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A London based architect has chosen to make dramatic use of steel windows to form a screen between the main bedroom and en-suite bathroom within her own apartment, with a member of the Steel Window Association manufacturing and installing the bespoke design solution.

Julia Feix is a partner in Feix and Merlin, an independent practice which prides itself on offering clients solutions full of flair and ‘mystery’. True to her philosophy, the architect decided to stretch the boundaries in reconfiguring the master bedroom of the property she had purchased on the top floor of a converted school near Elephant and Castle. Then having arrived at a design that fulfilled the multiple criteria of her partner and herself, Julia Feix engaged West Leigh to fabricate and install the screen.

Julia Feix commented saying: “I bought the conversion even though my partner and I loathed the bathroom: it was partially screened off from the bedroom with an internal window looking into it. The first design we considered was to have it all open plan, but for privacy reasons decided against it.”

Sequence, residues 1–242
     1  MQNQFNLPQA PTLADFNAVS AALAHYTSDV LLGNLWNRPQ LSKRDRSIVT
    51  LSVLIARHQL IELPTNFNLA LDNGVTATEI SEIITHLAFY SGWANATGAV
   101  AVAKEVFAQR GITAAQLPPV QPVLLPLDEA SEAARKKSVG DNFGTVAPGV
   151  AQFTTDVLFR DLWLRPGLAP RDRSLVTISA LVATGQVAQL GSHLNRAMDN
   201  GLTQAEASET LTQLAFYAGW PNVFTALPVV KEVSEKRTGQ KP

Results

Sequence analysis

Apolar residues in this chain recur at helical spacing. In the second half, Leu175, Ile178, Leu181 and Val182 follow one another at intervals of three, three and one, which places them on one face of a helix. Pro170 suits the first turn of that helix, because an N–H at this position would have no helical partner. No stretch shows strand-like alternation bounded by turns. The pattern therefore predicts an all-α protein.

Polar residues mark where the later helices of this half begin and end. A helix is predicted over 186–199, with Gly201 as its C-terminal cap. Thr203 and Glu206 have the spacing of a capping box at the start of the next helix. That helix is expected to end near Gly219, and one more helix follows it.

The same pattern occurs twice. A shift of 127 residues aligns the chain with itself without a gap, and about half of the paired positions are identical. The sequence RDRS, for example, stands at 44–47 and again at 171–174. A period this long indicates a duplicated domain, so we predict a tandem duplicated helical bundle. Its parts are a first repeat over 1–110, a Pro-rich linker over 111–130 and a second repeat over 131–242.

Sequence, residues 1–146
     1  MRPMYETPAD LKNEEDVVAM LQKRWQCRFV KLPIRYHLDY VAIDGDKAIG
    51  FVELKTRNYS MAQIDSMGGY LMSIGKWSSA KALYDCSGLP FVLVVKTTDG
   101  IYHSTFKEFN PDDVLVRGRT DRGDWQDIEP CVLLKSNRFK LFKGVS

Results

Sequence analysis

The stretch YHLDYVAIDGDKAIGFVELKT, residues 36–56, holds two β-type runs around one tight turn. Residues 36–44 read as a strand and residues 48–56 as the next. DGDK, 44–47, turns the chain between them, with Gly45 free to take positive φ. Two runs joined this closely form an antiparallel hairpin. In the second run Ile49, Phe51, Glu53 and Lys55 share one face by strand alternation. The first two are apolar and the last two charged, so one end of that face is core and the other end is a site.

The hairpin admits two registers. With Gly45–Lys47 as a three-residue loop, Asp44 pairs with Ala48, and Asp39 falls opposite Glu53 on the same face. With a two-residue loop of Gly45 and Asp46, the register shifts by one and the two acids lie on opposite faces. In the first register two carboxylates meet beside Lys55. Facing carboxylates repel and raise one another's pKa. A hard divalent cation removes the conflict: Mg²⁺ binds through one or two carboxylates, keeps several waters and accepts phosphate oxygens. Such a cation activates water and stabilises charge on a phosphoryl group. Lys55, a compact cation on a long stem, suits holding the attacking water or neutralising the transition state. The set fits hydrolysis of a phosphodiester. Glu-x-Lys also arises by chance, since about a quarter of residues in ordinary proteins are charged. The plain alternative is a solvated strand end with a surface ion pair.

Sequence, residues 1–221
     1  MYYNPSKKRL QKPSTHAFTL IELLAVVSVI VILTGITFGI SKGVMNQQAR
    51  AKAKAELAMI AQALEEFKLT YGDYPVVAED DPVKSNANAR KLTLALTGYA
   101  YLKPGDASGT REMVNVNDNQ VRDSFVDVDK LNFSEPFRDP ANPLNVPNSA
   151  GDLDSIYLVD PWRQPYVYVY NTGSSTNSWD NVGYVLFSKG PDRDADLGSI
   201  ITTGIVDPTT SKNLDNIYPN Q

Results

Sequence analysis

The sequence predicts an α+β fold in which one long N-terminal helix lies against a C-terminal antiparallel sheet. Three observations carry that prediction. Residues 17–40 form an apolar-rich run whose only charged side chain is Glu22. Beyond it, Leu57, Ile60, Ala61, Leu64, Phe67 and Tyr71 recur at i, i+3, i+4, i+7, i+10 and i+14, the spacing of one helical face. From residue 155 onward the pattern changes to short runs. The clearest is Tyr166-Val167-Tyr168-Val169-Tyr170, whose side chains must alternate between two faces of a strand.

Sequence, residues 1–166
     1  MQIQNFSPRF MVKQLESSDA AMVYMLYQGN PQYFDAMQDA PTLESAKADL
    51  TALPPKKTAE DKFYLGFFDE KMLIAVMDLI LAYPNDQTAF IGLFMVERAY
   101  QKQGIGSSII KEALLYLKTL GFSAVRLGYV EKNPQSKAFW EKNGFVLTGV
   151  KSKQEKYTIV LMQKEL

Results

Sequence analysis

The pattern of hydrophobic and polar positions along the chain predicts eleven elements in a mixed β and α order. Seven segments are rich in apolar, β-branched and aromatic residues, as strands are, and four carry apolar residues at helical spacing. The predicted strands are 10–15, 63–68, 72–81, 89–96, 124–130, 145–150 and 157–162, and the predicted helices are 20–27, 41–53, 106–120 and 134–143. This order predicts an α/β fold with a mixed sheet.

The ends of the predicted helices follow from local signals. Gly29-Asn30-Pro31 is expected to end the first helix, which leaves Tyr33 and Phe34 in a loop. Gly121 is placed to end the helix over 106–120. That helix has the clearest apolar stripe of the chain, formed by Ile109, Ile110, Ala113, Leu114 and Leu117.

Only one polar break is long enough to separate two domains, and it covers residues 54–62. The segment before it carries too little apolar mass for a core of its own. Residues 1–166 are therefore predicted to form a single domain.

The alternative solution adopted was to create a step up from the sleeping space into the bathroom – by laying a resin screed - and to make a transparent division using W20 steel windows divided into small units. As Julia explained: “I liked the appearance of the small panes, which also reflected some of the features of the conversion which has sliding sash windows. It is far more attractive than having a frameless, floor to ceiling glass partition.”

The screen was produced in hot dip galvanized W20 sections which were polyester powder coated with a RAL grey finish. It is glazed with 4 mm thick toughened float glass and measures 3200 mm by 2164 mm high. There is a single leaf door to access the en-suite, hung on brass hinges and fitted with satin chrome ironmongery including single handles, and a friction top arm.

Julia Feix was quoted in London’s Evening Standard as saying: “We spent our money on the floor, the glass partition and the taps. It cost us £20K, but it is definitely worth it, having transformed the space and the way we live in it – we love it. The best thing we did was to take that old wall out and put in the glass.”